Covid-19 roundup: Roger Perl­mut­ter hus­tles up hu­man vac­cine tri­als as Mer­ck looks to catch up on Covid-19; Chi­na hacked Mod­er­na, per of­fi­cial

Mer­ck, the late­com­er to the Covid-19 vac­cine race, said to­day that it will push its first can­di­date in­to the clin­ic this quar­ter and move the oth­er one there by the end of the year.

They are like­ly go­ing to be sin­gle-dose reg­i­mens, Mer­ck not­ed, as op­posed to the prime-boost ap­proach be­ing adopt­ed in Phase III stud­ies by Mod­er­na, Pfiz­er/BioN­Tech and As­traZeneca/Ox­ford.

Roger Perl­mut­ter

For the first time since the com­pa­ny threw its name in­to the hat with one li­cens­ing deal and an ac­qui­si­tion, R&D chief Roger Perl­mut­ter al­so of­fered his thoughts on how the fron­trun­ners are do­ing, why he didn’t go with an mR­NA ap­proach de­spite a long­stand­ing part­ner­ship with Mod­er­na, and what gaps Mer­ck’s pro­grams might fill.

Bot­tom line: There will like­ly still be plen­ty to do in 2021, when Mer­ck ex­pects to have avail­able hun­dreds of mil­lions of dos­es that it’s now man­u­fac­tur­ing at risk.

“There’s rea­son to be­lieve that mul­ti­ple vac­cines will be re­quired in or­der to man­age this ex­tra­or­di­nary glob­al pan­dem­ic, in par­tic­u­lar when one thinks about the het­ero­gene­ity of the pop­u­la­tion that we want to vac­ci­nate,” he said on Mer­ck’s Q2 earn­ings call.

Both of the can­di­dates his team is now ad­vanc­ing are vi­ral vec­tors that de­liv­er the gene for the spike pro­tein of the coro­n­avirus to cells. Themis, which is now a Mer­ck sub­sidiary, us­es a measles vec­tor; it will move in­to Phase I in Q3. The one li­censed from In­ter­na­tion­al Aids Vac­cine Ini­tia­tive, mean­while, us­es the re­com­bi­nant vesic­u­lar stom­ati­tis virus tech­nol­o­gy de­ployed for Mer­ck’s ap­proved Ebo­la vac­cine. Backed with a $38 mil­lion BAR­DA grant, the pro­gram will en­ter the clin­ic lat­er this year.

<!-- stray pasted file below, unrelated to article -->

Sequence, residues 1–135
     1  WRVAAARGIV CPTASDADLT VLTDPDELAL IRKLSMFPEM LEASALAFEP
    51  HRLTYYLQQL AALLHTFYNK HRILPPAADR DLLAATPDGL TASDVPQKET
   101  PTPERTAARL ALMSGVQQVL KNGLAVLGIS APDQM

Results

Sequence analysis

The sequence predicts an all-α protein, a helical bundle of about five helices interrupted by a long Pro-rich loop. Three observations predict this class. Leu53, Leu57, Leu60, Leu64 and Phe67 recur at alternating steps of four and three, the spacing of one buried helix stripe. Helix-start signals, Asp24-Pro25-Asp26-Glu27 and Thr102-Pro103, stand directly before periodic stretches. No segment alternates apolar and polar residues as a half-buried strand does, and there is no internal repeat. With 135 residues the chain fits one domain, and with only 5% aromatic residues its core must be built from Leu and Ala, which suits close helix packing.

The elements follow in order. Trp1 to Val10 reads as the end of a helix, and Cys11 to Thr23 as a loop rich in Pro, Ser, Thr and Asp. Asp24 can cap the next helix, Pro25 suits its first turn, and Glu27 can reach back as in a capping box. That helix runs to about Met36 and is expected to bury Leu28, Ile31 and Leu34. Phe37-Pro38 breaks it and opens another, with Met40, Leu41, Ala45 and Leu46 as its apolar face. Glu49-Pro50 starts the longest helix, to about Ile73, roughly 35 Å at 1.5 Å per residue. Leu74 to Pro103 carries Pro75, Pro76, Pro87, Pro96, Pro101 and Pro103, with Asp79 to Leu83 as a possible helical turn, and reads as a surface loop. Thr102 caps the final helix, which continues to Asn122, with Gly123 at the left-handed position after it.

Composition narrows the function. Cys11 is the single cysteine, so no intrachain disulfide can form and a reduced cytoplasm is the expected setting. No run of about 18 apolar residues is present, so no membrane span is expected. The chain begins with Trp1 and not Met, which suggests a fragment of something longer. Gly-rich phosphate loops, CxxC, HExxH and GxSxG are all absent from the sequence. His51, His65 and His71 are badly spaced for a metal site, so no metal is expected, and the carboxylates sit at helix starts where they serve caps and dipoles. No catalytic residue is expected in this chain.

Clin­i­cal da­ta from oth­er vac­cine de­vel­op­ers sug­gest the spike pro­tein in­duces good im­mune re­spons­es — some­thing that was not guar­an­teed.

“We have to say that from our start­ing po­si­tion, know­ing very lit­tle about SARS-CoV-2 at the be­gin­ning, the re­sults we have seen thus far from a va­ri­ety of ear­ly stud­ies, Phase I stud­ies, are as good as one could hope for, re­al­ly,” Perl­mut­ter said.

The speed en­abled by mR­NA tech­nol­o­gy has been crit­i­cal for that. But look­ing at the long game, Mer­ck has oth­er con­cerns: Can they make a vac­cine po­tent enough that one dose is suf­fi­cient? What about one that can be ad­min­is­tered oral­ly? Do you need dif­fer­ent vac­cines for dif­fer­ent pop­u­la­tions, say the el­der­ly ver­sus some­one in their 20s?

When asked why he was so con­fi­dent about sin­gle-dose ac­tiv­i­ty, he went deep­er in­to the sci­ence:

We have a lot of con­fi­dence in the sin­gle dose ac­tiv­i­ty of both vac­cines be­cause these are repli­cat­ing vac­cines. So they repli­cate in you. They are very po­tent im­muno­gens, and they have sin­gle ad­min­is­tra­tion ac­tiv­i­ty in oth­er set­tings. So of course with the V590, that’s the vesic­u­lar stom­ati­tis virus vac­cine, that’s been demon­strat­ed for Ebo­la virus dis­ease very ef­fec­tive­ly. A sin­gle dose, you know, pro­vides in the field — in the set­ting of civ­il strife of a large mag­ni­tude — greater than 97.5% ef­fi­ca­cy in a sin­gle dose. Now I can’t tell you that that’s ex­act­ly how it will be­have when we put a dif­fer­ent gene, in this case SARS-CoV-2 spike pro­tein en­cod­ing nu­cle­ic acids, in­to the con­struct. But the in­ter­est­ing thing about the VSV plat­form is that this is ac­tu­al­ly a vac­cine in which the spike pro­tein be­comes part of the vac­cine. The repli­ca­tion of the virus is com­plete­ly de­pen­dent on the spike pro­tein, it be­comes the en­ve­lope pro­tein of the vac­cine. Which is — it’s dif­fer­ent from sim­ply ex­press­ing the pro­tein wher­ev­er one ex­press­es it. That has big ef­fects, and pre­clin­i­cal­ly the mag­ni­tude of the re­sponse fol­low­ing sin­gle ad­min­is­tra­tion is very im­pres­sive. Sim­i­lar­ly the measles plat­form has been shown in a va­ri­ety of dif­fer­ent set­tings, most re­cent­ly with re­spect to the chikun­gun­ya ad­min­is­tra­tion, to be a very po­tent im­muno­gen.